I like to call this the Ferrari of coffee makers because of the sleek, 125-mph metallic color. Can’t you imagine yourself test-driving this baby in your own kitchen?
One of you will get the chance to do just that because Food Gal is giving one lucky person the gift of a new Kaldi single-beverage system by the Coffee Bean & Tea Leaf. It’s valued at $149. How’s that for a contest to perk you up on a Monday morning?
You can make espresso, brewed coffee, tea and other specialty beverages just by inserting a Coffee Bean & Tea Leaf capsule in the machine. The Kaldi has a twin pressure system, so that you get high pressure to create the crema on an espresso, and lower pressure for brewed coffee and tea. The machine, which can accommodate a variety of mug sizes, comes with a sampler pack of 12 capsules containing coffee, tea and espresso.
Contest: Entries, limited to those in the continental United States, will be accepted through midnight March 19. Winner will be announced March 21.
How to win?
Just tell me about an experience, in which coffee never tasted quite so good.
Here’s my own: “Growing up in San Francisco, with its notorious fog, you always took your chances when it came to watching fireworks on the Fourth of July. Would the skies be clear or not? It was always a gamble. When I was in high school, one of my best friends and I decided to brave the elements and the throngs to watch the fireworks go off over the Bay from the Marina Green. We got there hours early to stake out a spot. Smarter souls had come prepared with blankets to wrap themselves in, while we buttoned up our jean jackets and stuck our hands deep in our pockets to ward off the brutal wind-chill. It was all worth it,though, as the skies lit up over us in a dazzling display. Afterward, cold to the bone, we started to walk back to the car, which was blocks and blocks away. We both spied the coffee shop at the same time and ducked in immediately, ordering enormous lattes to go. I took a sip and felt the welcome warmth travel from my lips down my throat to my stomach to even my toes. At that moment, it was the most welcome coffee I had ever had. And it sure made for a convenient hand warmer, too, as we continued our trek back to the car.”
Winners of the other Contests: In last week’s first contest, I asked you to tell me about a woman in the food world — living or deceased — whom you admire. The winner will receive a copy of “Blood, Bones & Butter: The Inadvertent Education of a Reluctant Chef” (Random House) by Chef Gabrielle Hamilton of Prune restaurant in New York.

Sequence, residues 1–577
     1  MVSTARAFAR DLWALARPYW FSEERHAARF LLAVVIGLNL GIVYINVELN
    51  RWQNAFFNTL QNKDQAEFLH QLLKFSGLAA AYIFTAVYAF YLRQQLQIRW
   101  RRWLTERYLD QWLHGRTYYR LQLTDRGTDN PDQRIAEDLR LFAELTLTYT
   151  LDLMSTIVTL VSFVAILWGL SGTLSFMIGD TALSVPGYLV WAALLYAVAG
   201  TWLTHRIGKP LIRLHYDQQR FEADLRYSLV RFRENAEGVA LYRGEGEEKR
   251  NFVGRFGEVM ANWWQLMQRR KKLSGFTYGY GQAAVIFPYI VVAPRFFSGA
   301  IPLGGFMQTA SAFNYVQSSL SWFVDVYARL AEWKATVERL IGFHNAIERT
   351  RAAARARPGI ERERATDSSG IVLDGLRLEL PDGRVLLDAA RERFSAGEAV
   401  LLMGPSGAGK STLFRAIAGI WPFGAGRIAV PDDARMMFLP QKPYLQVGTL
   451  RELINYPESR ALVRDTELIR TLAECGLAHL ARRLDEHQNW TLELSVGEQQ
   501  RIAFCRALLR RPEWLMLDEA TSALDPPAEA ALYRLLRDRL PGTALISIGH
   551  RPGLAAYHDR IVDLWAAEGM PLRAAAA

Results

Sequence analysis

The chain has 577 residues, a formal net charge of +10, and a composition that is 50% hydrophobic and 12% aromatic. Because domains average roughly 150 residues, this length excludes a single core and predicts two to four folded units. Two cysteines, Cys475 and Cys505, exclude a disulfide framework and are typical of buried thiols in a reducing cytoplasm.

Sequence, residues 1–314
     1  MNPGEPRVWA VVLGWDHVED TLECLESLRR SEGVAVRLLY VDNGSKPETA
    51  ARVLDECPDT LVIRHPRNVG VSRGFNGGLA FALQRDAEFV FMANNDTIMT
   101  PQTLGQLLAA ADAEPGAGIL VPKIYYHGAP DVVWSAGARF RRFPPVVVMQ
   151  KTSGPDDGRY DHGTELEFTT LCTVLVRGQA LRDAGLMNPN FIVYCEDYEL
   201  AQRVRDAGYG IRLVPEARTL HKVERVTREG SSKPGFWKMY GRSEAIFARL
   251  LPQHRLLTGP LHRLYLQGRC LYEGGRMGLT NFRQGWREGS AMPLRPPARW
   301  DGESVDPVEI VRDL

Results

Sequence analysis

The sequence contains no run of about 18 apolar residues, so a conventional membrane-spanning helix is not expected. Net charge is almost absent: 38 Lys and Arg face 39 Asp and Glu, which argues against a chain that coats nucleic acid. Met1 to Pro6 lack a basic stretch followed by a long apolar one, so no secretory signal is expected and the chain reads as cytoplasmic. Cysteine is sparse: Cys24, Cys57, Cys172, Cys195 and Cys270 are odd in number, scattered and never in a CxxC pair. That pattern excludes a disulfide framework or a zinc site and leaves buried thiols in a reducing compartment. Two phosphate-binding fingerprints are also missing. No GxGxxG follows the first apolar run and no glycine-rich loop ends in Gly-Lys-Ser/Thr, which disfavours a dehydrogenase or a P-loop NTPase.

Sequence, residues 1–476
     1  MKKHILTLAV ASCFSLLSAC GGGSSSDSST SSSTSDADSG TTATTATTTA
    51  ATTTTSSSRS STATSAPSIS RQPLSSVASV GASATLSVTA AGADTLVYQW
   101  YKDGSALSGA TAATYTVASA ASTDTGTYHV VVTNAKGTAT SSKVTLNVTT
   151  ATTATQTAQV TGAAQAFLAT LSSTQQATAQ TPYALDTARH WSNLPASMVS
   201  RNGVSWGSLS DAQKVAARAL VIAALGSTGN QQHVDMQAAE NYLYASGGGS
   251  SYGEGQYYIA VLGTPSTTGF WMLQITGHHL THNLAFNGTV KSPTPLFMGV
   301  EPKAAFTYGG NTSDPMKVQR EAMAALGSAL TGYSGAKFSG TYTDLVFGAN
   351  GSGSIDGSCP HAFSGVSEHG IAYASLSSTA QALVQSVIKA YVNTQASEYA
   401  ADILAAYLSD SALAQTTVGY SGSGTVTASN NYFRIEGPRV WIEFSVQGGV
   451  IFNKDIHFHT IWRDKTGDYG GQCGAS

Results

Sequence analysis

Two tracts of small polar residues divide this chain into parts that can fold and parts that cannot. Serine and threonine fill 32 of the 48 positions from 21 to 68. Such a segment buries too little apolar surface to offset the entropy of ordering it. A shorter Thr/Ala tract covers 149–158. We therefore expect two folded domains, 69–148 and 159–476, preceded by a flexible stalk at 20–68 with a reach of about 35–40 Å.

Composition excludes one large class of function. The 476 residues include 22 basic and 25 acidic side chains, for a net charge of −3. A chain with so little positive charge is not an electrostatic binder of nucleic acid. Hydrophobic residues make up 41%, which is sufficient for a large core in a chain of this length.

Congratulations go to:
Kathy at Panini Happy, who wrote: “I can already tell that my daughter will be the woman who will inspire me most in my life. She thinks –- knows -– she can do anything and she wants to try everything. When her first try doesn’t work out she tries again, and again and again. She takes the time to laugh at silly things and isn’t afraid to just ‘let it out’ when things are tough. My little girl is just 3 years old but she teaches me great new lessons every day.”
In last week’s second contest, I asked you to tell me what your favorite flower is and why. Three winners will each receive a pair of multi-day passes to the San Francisco Flower & Garden Show, March 23-27, at the San Mateo Event Center. This was an especially tough contest to judge because there were so many memorable answers.
Congrats go to:
1) Karen, who wrote, “My Dad hid Lily of the Valley under a boxwood shrub in our garden when I was growing up. He was a Yugoslavian immigrant, in a union railroad job with a degree in Horticulture, raising a family and an amazing and special garden in Spokane. I can still remember laying next to the shrub fascinated by delicate bell shaped flowers with the wonderful fragrance. They seemed like something from a story book. It felt like I got into their world. I spent time with them everyday, never picking them. I’m 45 now, and this memory holds for over 40 years. I have since learned that this flower is important in Yugoslavia. All the more reason for it to be special.”
2) Emily C., who wrote: “The beautiful California Poppy. As a child hiking with my father, the brilliant orange color of the poppy stood out to me. These bright flowers bring back memories of taking a leisurely post dinner stroll on the trail near my home, or embarking on hour long hikes in the hills of northern California — something I miss everyday since I left for college in Chicago, IL. The radiant gold poppy set on its distinct green leaves brings me back home.”
3) Michelle D., who wrote: “A rainbow mix of NASTURTIUMS. It was the first flower seed that I sowed as a child. It’s the ultimate self esteem plant because it never fails to grow despite poor soil and forgetfulness. Nasturtiums were also the first flowers I used in food preparation (if you could call it that) First they graced elaborately shaped mud pies and eventually, some years later, found their way into real edible summer salads and horti-centric garden party cocktails.”